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The distribution of Twitter follower counts

My Twitter account @revodavid has, of this writing, 8828 followers. But is that below or above average amongst active Twitter accounts? Since Twitter doesn't publish statistics of follower counts, I've really had little idea. Until now, that is, because Jon Bruner has done some independent research to estimate the distribution of number of followers amongst active Twitter users.  Bruner used R to take a random sample of 400,000 active Twitter handles (publicly-viewable accounts that have posted at least once in the last 30 days), and used R's ggplot2 package to plot a histogram of the number of followers for these accounts. The resulting plot should be pretty close to the empirical distribution of follower counts: It's a very long-tailed distribution. Note the horizontal scale of that chart: fewer than 2% of Twitter active users have more than 2000 followers. Bruner provides many more details of his analysis at the link below, including a percentile chart of the followers distribution. Half of active twitter users have 61 followers or fewer, and as for me with 8848 followers: I fall somewhere between the 99 and 99.9% percentile. I'd love to get my hands on the data for further analysis (and hopefully the R code for the analysis will be posted to GitHub sometime soon). O'Reilly Radar: Tweets loud and quiet

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More Stories By David Smith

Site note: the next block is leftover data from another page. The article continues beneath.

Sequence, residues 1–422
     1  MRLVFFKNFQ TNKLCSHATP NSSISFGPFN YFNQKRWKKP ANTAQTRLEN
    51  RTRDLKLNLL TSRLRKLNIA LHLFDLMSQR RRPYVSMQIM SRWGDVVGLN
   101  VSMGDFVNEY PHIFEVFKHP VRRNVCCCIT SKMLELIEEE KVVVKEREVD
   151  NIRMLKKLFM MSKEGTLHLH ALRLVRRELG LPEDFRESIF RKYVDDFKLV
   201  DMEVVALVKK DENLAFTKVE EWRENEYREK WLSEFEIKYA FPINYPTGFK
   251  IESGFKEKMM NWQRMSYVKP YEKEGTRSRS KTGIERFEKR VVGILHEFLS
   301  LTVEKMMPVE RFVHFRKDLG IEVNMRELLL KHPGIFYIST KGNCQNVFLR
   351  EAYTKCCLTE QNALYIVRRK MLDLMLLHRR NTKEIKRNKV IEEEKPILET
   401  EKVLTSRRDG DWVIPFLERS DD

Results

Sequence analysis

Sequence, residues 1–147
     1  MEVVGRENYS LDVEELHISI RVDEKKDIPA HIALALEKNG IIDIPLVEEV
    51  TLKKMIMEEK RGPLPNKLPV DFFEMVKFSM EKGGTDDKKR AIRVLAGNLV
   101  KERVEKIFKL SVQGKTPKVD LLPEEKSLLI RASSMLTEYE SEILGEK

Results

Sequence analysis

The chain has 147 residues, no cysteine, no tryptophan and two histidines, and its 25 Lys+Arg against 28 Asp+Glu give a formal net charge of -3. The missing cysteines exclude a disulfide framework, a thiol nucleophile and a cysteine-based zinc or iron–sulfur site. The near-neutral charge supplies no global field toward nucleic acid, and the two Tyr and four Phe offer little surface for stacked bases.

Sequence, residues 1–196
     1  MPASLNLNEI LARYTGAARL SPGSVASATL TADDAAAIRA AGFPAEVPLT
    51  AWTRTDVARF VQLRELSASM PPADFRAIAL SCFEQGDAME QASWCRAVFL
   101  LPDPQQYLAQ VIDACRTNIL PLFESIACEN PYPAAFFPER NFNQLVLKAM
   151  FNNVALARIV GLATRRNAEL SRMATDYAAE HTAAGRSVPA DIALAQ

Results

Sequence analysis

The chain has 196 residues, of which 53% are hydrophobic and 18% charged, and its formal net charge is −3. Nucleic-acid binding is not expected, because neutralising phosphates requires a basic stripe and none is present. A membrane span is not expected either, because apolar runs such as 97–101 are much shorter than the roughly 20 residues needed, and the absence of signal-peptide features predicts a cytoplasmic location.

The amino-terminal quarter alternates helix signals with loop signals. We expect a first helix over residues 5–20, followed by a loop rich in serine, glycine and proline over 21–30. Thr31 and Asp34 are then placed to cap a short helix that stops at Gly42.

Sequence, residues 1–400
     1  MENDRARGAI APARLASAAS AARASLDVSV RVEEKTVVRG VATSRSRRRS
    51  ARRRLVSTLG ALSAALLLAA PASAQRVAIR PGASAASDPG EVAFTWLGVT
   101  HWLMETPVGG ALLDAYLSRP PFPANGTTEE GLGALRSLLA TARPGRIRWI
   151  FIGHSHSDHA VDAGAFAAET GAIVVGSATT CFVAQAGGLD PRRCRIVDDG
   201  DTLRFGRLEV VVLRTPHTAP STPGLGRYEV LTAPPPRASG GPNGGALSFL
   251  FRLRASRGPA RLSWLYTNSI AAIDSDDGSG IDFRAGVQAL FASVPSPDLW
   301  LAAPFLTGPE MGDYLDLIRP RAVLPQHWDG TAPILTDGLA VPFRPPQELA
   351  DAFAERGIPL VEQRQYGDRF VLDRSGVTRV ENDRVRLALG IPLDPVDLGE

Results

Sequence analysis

David Smith is Vice President of Marketing and Community at Revolution Analytics. He has a long history with the R and statistics communities. After graduating with a degree in Statistics from the University of Adelaide, South Australia, he spent four years researching statistical methodology at Lancaster University in the United Kingdom, where he also developed a number of packages for the S-PLUS statistical modeling environment. He continued his association with S-PLUS at Insightful (now TIBCO Spotfire) overseeing the product management of S-PLUS and other statistical and data mining products.<

David smith is the co-author (with Bill Venables) of the popular tutorial manual, An Introduction to R, and one of the originating developers of the ESS: Emacs Speaks Statistics project. Today, he leads marketing for REvolution R, supports R communities worldwide, and is responsible for the Revolutions blog. Prior to joining Revolution Analytics, he served as vice president of product management at Zynchros, Inc. Follow him on twitter at @RevoDavid